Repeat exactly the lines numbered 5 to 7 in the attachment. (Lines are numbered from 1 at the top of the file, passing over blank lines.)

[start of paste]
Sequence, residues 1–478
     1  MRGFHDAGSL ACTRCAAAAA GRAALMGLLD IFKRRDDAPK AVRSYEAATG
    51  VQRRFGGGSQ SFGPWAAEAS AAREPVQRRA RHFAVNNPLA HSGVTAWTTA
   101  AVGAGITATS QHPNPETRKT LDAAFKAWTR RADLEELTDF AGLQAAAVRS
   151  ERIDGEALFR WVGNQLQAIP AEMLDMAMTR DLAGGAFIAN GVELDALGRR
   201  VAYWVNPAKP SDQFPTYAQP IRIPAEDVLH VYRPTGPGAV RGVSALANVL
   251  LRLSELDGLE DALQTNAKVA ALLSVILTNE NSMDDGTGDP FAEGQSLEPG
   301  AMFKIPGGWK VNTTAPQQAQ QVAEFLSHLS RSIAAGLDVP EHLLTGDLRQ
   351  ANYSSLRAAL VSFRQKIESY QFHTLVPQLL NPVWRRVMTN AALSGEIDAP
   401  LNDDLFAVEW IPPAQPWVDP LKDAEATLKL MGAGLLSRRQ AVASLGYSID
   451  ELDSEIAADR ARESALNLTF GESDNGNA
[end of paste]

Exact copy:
   151  ERIDGEALFR WVGNQLQAIP AEMLDMAMTR DLAGGAFIAN GVELDALGRR
   201  VAYWVNPAKP SDQFPTYAQP IRIPAEDVLH VYRPTGPGAV RGVSALANVL
   251  LRLSELDGLE DALQTNAKVA ALLSVILTNE NSMDDGTGDP FAEGQSLEPG